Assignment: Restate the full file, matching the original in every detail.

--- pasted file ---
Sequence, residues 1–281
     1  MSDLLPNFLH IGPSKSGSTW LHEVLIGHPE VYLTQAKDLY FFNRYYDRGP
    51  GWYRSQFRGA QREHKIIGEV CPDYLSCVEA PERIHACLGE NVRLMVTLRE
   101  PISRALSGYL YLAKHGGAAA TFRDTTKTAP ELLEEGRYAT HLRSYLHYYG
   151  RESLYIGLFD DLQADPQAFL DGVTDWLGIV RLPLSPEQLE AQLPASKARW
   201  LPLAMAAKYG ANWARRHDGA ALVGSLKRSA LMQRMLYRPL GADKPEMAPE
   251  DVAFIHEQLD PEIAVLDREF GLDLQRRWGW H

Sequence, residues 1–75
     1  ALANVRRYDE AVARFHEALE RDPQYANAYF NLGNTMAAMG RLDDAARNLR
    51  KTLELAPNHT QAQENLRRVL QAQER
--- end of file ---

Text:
Sequence, residues 1–281
     1  MSDLLPNFLH IGPSKSGSTW LHEVLIGHPE VYLTQAKDLY FFNRYYDRGP
    51  GWYRSQFRGA QREHKIIGEV CPDYLSCVEA PERIHACLGE NVRLMVTLRE
   101  PISRALSGYL YLAKHGGAAA TFRDTTKTAP ELLEEGRYAT HLRSYLHYYG
   151  RESLYIGLFD DLQADPQAFL DGVTDWLGIV RLPLSPEQLE AQLPASKARW
   201  LPLAMAAKYG ANWARRHDGA ALVGSLKRSA LMQRMLYRPL GADKPEMAPE
   251  DVAFIHEQLD PEIAVLDREF GLDLQRRWGW H

Sequence, residues 1–75
     1  ALANVRRYDE AVARFHEALE RDPQYANAYF NLGNTMAAMG RLDDAARNLR
    51  KTLELAPNHT QAQENLRRVL QAQER